One surprising thing we’ve learned during this short trip through the Baltic, is that, despite their tiny size and common history, the three countries are fairly easily distinguishable from each other. Estonia is wild and forested, Latvia is mostly rural and industrial; Lithuania, the largest of the three (though not by much) is also the most diverse.
It welcomes us with crowds of tourists: some 20km from the border we drive into the sea resort of Palanga, the “Amber capital” of the Baltic. Its beaches are bustling and over-crowded, and remain so for the entire length of the Lithuanian coast.
Amber is the most magical of gemstones, as anyone who’s ever held a piece of it in his hand must admit. It is a crystal of frozen time: not just because of the insects (and spiders; and plants; and small lizards, as we’ve learned) trapped within, but because it can sprout back to “life” – releasing the resin oils and acids when heated or treated chemically; it’s edible when melted, and, reputedly, has healing properties…
If it wasn’t for amber, Palanga would be barely worth a visit – there are small resort towns like this all over the Baltic. But amber is what makes it a must-see: the beaches of Lithuania are covered in the stuff, and Palangan artisans create literally tons of jewelry with it, from tiny earrings to massive necklaces. The stalls line the main pedestrian avenue, but if you want certified local craftwork, you should head for the gallery and workshop of the Palanga Guild of Amber Workers.
There is also, of course, a museum of amber in the city, housed in a lavish (and neglected) neo-renaissance palace of the Tyszkiewicz family. The palace itself stands in the midst of an attractive park, set upon the location of an ancient pagan temple, famous for the legend of priestess Birute, “the Mother of Dukes”. it’s deceptively small, until you discover there are more and more rooms filled with amber, from rare inclusions to great examples of masterly craft from the past, as well as artifacts from the days of amber trade – Roman coins and tools found in the area. It’s well worth the small admission fee.
Inspired, we head to one of the nearby beaches, in Karkle, to hunt for amber. We find a lot of what looks like it, though we can’t really be sure until we get home and check; the strongest candidates were surprisingly easy to spot: in the water, real amber glows like gold.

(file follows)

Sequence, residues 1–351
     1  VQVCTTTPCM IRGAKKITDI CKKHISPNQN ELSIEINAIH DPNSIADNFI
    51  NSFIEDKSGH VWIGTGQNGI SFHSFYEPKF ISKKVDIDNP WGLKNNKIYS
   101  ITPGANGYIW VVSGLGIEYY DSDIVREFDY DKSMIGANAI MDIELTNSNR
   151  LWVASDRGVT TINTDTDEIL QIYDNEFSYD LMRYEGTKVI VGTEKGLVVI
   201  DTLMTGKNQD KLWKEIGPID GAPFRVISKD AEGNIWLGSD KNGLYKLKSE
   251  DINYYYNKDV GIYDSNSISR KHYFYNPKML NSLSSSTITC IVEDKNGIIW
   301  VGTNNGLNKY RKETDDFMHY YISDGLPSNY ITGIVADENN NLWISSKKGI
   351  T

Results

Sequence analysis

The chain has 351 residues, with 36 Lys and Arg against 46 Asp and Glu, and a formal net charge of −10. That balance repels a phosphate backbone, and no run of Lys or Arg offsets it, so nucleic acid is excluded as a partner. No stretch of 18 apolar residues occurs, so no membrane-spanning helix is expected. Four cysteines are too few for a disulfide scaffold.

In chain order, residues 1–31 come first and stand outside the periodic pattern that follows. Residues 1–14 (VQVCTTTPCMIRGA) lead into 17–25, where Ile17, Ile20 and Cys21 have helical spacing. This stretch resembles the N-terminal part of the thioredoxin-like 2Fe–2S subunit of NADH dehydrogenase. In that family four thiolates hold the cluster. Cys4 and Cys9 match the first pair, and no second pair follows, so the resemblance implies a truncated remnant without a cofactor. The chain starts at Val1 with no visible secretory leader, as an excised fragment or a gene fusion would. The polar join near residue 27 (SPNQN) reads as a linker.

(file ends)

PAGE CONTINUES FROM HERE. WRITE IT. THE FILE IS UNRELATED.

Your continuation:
There is very little left of the old port city of Klaipeda/Memel (most of the places in the Baltics have at least two historical names) and it’s hard to see why the Germans had fought so hard to retake it before and during WW2 – though, of course, it’s that very fight which ensured that the “old town” now consists of a few cobbled streets. Still, it’s refreshingly different from other old towns in the region: whatever is left of it, has a very “Prussian” appearance.
We drive through Central Lithuania towards Vilnius – and this is where Lithuania’s landscape becomes the most diverse and unique. Despite the ravages of collectivization, the countryside remains idyllic and, at times, quite beautiful: soft rolling hills, deep and dark river valleys, fields of amber wheat and red poppies. The further away from motorway, the more rustic it becomes, until we suddenly find ourselves in a mysterious land of scythe-wielding peasants, horse-drawn wagons and buxom farm girls milking cows and goats out in the fields.
In a way, this is not surprising to us – indeed, it feels oddly familiar; this is because, through convoluted common history, Poles and Lithuanians share most of romantic literature, and so most of the poems we learned at school describe Lithuania’s “fair countryside” – which, it seems, changed little since the days of Mickiewicz and Slowacki. The combined effect can only be compared to an American, raised on Wordsworth and Coleridge, visiting England’s Lake District for the first time and seeing the daffodils in full bloom…
Sadly, as we approach Vilnius, the fields and forests gradually disappear, replaced by 70s pre-fab tower blocks, factories and power plants, which surround this ancient capital in a dense wreath of post-Soviet grimness.